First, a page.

Coming home again was a delicate mix of comforting memories and eagerness to make
much-needed changes. It had been 6 years since Iʼd visited my mother shortly after my
father passed away. Since then, not much had changed in the house, except for the
obvious absence of “Dad things” here and there. No more candy in the crystal bowl,
with which he discreetly filled his pockets on his way to his dental practice. (He was a
dentist with a sweet tooth!) No “Hello, nice people!” punctually at 6pm when he
returned home. No freshly baked pound cake under the dark blue dome of the bread
box, which Mom made sure was there for Dad to nibble on. Although I felt Dadʼs
presence everywhere, this was now our Motherʼs home.
Having been a long-distance caregiver for my mother since 2008, my head was full of
ideas of how I could spruce up the house and coordinate some repairs. I had
mentioned them to Mom on the phone several times and she always greeted the ideas
with a “Well, letʼs see…” My enthusiasm quelled when, once there, I realized that, while
I was home again, I was not in my home. This was Momʼs home and I needed to
My brother, sister and I teamed up to become Momʼs family caregivers. While she is
relatively healthy and astounds her doctors with her flexibility, we help her with everyday
tasks. My brother and sister, who live somewhat near her, pick up groceries, take her to
the post office, visit and chat, take her on outings and bring her homemade dishes and
juicy hamburgers. I take care of bills, taxes, legal documents and anything that can be
done online. One of us calls her every day and reassures her that she can count on us
to be there for her the way she continues to be for us.
The temptation to take over for the sake of efficiency or practicality was a challenge for
me as I saw the need for several projects to begin. Home repairs that remain on the todo
list and sorting through old or unused items to make space were a priority for me.
The question was, were they a priority for Mom?
My sister pointed out a few years ago that, in helping Mom move forward with a new life
without Dad, we must not try to shape her into the person that we expect her to be. My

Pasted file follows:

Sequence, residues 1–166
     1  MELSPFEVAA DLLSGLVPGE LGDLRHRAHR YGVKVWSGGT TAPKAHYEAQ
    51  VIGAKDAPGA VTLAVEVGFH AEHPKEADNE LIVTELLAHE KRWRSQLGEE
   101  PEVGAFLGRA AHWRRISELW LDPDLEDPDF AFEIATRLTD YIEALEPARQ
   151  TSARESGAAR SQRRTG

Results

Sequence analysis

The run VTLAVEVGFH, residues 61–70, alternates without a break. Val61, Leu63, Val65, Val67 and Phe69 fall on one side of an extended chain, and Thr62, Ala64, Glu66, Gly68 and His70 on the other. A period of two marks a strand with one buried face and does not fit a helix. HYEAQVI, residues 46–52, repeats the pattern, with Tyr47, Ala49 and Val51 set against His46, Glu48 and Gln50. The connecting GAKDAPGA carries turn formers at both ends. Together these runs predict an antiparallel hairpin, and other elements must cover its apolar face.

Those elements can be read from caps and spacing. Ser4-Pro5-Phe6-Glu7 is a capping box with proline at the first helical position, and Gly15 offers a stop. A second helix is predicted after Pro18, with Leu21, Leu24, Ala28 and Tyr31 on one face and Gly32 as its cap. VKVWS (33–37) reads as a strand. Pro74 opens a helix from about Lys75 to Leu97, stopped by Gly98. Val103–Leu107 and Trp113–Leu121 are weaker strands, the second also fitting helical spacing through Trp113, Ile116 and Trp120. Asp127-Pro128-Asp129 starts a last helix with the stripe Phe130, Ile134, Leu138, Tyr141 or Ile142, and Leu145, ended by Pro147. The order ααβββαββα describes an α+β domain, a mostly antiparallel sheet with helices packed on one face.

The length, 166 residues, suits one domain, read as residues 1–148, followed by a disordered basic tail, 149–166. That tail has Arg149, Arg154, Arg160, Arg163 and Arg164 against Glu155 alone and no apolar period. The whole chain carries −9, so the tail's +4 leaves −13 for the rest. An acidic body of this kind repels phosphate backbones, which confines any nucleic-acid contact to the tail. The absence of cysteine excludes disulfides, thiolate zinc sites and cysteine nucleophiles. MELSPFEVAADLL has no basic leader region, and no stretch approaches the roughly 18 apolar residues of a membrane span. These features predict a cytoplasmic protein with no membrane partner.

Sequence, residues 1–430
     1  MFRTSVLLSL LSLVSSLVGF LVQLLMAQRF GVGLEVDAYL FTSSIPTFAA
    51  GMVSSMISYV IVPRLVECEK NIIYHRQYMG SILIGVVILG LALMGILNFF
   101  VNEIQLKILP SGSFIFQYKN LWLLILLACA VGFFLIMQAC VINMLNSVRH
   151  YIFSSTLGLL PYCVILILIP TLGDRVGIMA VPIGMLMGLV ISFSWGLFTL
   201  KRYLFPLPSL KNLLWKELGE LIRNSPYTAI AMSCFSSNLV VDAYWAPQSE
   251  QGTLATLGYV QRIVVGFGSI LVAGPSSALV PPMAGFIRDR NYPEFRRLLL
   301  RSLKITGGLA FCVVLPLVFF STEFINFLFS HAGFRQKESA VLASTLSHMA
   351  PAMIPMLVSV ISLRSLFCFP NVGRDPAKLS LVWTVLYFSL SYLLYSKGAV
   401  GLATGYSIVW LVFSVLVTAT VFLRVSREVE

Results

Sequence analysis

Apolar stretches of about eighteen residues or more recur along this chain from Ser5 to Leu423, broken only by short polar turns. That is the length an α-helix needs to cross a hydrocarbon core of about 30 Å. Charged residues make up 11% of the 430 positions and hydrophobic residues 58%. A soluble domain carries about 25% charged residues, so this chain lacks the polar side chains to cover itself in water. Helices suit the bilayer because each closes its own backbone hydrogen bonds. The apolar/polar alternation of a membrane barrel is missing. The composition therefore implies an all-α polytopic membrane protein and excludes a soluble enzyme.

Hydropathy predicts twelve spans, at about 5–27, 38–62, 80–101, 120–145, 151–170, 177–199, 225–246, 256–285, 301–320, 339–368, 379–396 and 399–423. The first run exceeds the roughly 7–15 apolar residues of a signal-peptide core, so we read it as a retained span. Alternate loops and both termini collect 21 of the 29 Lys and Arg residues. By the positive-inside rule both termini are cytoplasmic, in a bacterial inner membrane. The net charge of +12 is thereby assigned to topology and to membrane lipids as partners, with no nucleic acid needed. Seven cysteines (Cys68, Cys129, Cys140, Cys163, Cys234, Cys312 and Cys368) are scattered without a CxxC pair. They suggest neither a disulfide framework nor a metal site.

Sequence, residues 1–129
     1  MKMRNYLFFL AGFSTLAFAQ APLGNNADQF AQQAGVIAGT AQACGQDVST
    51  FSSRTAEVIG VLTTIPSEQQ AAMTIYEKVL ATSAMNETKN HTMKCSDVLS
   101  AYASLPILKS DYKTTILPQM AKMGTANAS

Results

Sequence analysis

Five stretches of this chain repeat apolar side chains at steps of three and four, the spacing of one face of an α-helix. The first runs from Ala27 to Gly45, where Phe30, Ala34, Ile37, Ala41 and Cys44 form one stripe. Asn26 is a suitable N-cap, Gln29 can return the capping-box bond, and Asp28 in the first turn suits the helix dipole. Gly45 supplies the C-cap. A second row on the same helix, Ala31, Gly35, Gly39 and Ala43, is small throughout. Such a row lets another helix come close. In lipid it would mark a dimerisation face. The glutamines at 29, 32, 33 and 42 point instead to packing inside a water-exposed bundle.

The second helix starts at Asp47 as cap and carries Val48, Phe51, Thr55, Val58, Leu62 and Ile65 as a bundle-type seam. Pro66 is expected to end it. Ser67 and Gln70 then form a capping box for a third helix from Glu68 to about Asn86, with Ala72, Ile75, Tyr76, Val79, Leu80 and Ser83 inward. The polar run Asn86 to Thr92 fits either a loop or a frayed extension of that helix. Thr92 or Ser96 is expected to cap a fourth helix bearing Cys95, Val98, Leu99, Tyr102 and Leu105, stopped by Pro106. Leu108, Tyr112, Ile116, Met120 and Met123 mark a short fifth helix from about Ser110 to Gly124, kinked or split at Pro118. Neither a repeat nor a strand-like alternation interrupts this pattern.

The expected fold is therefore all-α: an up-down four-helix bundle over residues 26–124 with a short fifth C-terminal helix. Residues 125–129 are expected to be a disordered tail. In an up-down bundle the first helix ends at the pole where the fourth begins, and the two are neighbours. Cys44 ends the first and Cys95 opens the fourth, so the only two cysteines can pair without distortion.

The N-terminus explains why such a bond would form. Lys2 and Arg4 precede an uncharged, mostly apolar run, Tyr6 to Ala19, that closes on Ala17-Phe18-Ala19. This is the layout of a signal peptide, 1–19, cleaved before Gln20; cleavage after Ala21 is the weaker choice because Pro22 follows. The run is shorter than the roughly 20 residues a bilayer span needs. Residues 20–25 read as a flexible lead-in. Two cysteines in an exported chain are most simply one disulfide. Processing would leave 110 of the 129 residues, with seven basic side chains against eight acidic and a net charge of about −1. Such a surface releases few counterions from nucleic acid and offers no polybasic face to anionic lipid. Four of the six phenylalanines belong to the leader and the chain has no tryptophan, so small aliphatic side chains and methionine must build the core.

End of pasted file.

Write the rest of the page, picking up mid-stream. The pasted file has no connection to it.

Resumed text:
brother added that we ought to just make the best of our time together and show her
life! My view has always been to encourage her to do what she can do and to let us
jump in when she needs our assistance. Because I am also a family caregiver for my
homebound husband, I donʼt let my mother forget that she is quite capable of handling
many tasks on her own. It behooves her to see that she does not need to rely on others
for everything. Proof is, she has called me several times to proudly inform me that she
has taken care of this or that!
With love comes respect. In caregiving, sometimes the line between providing care and
maintaining respect and independence gets blurry. Family caregivers who are devoted
to the care of a senior may face the dilemma of providing compassionate care or
stepping back when that care is rejected. Preserving their careeʼs dignity and selfsufficiency
is crucial. Wendy Lustbader, MSW, writes in her book, Counting on
Kindness – The Dilemmas of Dependency, “Unless we exert control over some aspect of
our lives, no matter how mundane or seemingly inconsequential, a significant part of our
spirit dies.” Allowing our loved ones to manage all that they safely can, in their own
way, helps family caregivers to foment their seniorsʼ self-worth and independence. Isnʼt
that how we would like to be treated?
About the author
Lynn Greenblatt is a family caregiver and the founder of CaregivingCafe.com – an online
directory of links to caregiving information, resources & support that can help caregivers
to more efficiently & effectively manage their tasks. She also encourages family
caregivers to take good care of themselves.
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